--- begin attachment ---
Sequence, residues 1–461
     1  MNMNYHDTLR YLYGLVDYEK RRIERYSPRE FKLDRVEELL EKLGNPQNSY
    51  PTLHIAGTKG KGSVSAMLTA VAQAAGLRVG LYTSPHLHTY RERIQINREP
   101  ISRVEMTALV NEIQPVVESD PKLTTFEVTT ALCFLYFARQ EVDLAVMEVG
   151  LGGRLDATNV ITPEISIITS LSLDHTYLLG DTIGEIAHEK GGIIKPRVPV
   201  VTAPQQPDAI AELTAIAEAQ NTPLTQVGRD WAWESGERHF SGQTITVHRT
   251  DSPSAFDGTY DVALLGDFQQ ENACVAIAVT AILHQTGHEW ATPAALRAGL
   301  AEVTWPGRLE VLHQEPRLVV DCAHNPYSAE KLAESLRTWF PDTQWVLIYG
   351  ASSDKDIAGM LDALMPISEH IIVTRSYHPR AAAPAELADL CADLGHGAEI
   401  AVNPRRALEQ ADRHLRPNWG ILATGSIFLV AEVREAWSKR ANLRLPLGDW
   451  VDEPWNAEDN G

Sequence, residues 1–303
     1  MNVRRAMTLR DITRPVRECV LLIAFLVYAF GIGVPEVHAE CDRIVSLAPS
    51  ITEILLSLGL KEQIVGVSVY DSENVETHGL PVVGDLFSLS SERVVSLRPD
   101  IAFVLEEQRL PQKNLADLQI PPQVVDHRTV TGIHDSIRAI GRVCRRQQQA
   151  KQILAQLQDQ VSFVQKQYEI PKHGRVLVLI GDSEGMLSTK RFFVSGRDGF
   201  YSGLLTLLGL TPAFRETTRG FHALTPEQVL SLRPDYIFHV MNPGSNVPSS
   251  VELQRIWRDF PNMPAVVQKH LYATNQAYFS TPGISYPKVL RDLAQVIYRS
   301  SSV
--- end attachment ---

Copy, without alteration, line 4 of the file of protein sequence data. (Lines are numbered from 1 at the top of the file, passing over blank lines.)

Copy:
   101  ISRVEMTALV NEIQPVVESD PKLTTFEVTT ALCFLYFARQ EVDLAVMEVG